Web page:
The observant viewer is given a discreet, sweetly comic choreographic touch to soften the cruelty of the opera's denouement ... so that we don't feel quite as guilty having enjoyed ourselves so thoroughly.

Superb production on bad KULTUR label
P. Blanchette | Montréal | 08/13/2004
(3 out of 5 stars)

"C'est avec grande impatience que j'ai attendu les sorties en Amérique du nord des DVD de deux opéras dirigés par Marc Minkowski, Platée et La belle Hélène, parus en Europe bien des mois auparavant, ce qui est maintenant chose faite. En zone 2 (Pal-Sécam) ces parutions sont sur étiquette TDK, tandis qu'en Amérique du nord (zone 1 système NTSC) elles le sont sur étiquette KULTUR .

Les ?uvres et les productions sont superbes mais pour l'amateur nord-américain la déception est grande. Il y a dans ces versions (zone 1) sur étiquette KULTUR un manque de professionnalisme aberrant et incompréhensible. Alors que les européens ont droit aux sous-titres en cinq langues dont le français, ce qui aide à suivre le chant, on a droit ici qu'à l'anglais, comme s'il n'y avait en Amérique ni francophones, ni francophiles, ni hispanophones. C'est avoir bien peu de considération pour les huit millions de canadiens qui vivent en français et qui sont un public de premier choix pour des ?uvres françaises.

Aucun livret ne viendra vous donner quelques détails sur le chef, la production ou les interprètes, KULTUR a jugé qu'un simple feuillet mentionnant le chapter correspondant à un air suffirait. Et sur les deux DVD achetés, un seul avait le feuillet correspondant. Dans le boitier de Platée j'ai eu droit au feuillet de opéra Giulio Cesare / Opera Australia!!!

Il y a pire encore. Alors que sur étiquette TDK les Européens ont droit à trois encodages audio (PCM Stéréo; Dolby digital 5.1; DTS) il n'y en a qu'un seul sur KULTUR, soit le Dolby 5.1 Surround, avec pour résultat un son caverneux, des sonorités lointaines ou égarées pour quiconque écoute à partir d'une chaîne stéréo aussi bonne soit-elle.

Les deux productions de ces opéras sont véritablement excellentes, extraordinaires même. Aussi est-il aberrant de ne pas rendre justice au chef, aux chanteurs, aux musiciens, bref à toutes les équipes que ce soit du Palais Garnier, du Théâtre du Châtelet, ou de Radio-France. L'étiquette KULTUR gâche notre plaisir et ne mérite pas d'utiliser, de disposer de manière aussi désinvolte des réalisations de cette grande envergure. Les artistes sont desservis et le public nord-américain privé de DVD de qualité."
Rameau's comeback?
Plaza Marcelino | Caracas Venezuela | 02/21/2005
(4 out of 5 stars)

"Rameau's operas became some kind of seldom seen event in opera houses outside France; and perhaps even there, it might be argued. Not any more as it looks, as there seems to be a kind of Rameau come back in recent years that not only has prompted a few opera houses in Europe to stage some of his works, it appears to have also crossed the Atlantic if the NYC Opera's revival of this same work is a signal.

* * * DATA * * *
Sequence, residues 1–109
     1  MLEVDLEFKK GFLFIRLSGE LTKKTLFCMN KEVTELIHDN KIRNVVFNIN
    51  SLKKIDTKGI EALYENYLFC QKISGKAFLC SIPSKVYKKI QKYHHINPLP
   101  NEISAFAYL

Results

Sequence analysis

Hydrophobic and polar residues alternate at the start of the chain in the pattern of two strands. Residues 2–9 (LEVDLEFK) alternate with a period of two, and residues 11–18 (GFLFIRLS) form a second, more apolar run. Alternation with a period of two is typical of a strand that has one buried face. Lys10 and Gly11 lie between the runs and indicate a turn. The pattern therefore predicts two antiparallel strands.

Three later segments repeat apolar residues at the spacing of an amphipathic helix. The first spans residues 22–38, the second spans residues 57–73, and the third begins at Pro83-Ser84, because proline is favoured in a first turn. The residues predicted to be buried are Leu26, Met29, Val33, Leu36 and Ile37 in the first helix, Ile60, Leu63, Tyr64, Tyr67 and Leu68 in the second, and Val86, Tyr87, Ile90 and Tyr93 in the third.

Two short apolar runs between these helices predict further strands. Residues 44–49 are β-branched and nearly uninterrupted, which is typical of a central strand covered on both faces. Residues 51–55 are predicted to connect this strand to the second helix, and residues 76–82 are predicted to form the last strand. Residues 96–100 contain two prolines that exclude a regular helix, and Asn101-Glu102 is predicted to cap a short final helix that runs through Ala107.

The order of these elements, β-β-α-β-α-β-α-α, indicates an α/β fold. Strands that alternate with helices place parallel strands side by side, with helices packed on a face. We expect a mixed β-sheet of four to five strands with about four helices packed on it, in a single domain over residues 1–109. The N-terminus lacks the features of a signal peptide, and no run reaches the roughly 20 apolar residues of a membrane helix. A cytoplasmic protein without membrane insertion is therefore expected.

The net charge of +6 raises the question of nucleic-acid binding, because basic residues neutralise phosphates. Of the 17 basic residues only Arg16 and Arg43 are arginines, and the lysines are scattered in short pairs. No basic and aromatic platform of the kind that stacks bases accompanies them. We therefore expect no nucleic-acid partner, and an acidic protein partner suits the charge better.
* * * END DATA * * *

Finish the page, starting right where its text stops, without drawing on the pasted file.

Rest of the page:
With a rather silly plot of the gods playing a cruel practical joke on an ugly and plain marsh nymph who bears the work's title as her name, it is one of the few comedies composed by Rameau, who for much of his stage output stuck to the usual tragedie in vogue in France since Lully's time. It is very cleverly staged in this version from the Opera Garnier in Paris and features an outstanding performance by scotsman Paul Agnew who not only sings his drag role very well but proves to be a remarkable actor too. Mireille Delunsch acquits herself highly, too, and despatches the difficult aria that closes the first act with flair and ease. Naouri proves his usual efficacy as the satyr yet some aloofness is not absent from the interpretation.

Apart from Agnew, the evening's other great stars are Minkowski and his outstanding Musiciens du Louvre, a delight to anyone with an ear for late french baroque music and its sonorities. Minkowski is an expert in this repertoire and already has in his CV a (sound only) recording of the piece with an altogether different cast that dates from some 15 years ago. He again conducts the work with great care and enjoyment and he and his musicians participate with theatrical flair in some comical episodes where characters invade the pit.

As is too common in US releases of this kind, information provided the customer in the box is virtually nonexistant, not even a plot synopsis but merely a list of chapters in the single-leaf insert. The programme itself has no additional material. For these two reasons, and because the stage conception might not suit all tastes this side of the Atlantic, I award only four stars to this DVD, in spite of the performance probably meriting the fifth in its own terms.

Better than I could have ever expected
G. Stefan Lazar | San Francisco, CA USA | 07/05/2006
(5 out of 5 stars)

"Enough has been written about the details so let me just say I found this absolutely delightful. Early music rarely holds my interest for long but this was definitely an exception. My only complaint is with the titles. The translation was such that I did not have a clue most of the time as to what was happening on stage. After Act 1, I found a synopsis online. As is usual with Kultur, none came with the DVD. That aside, I would highly recommend this performance."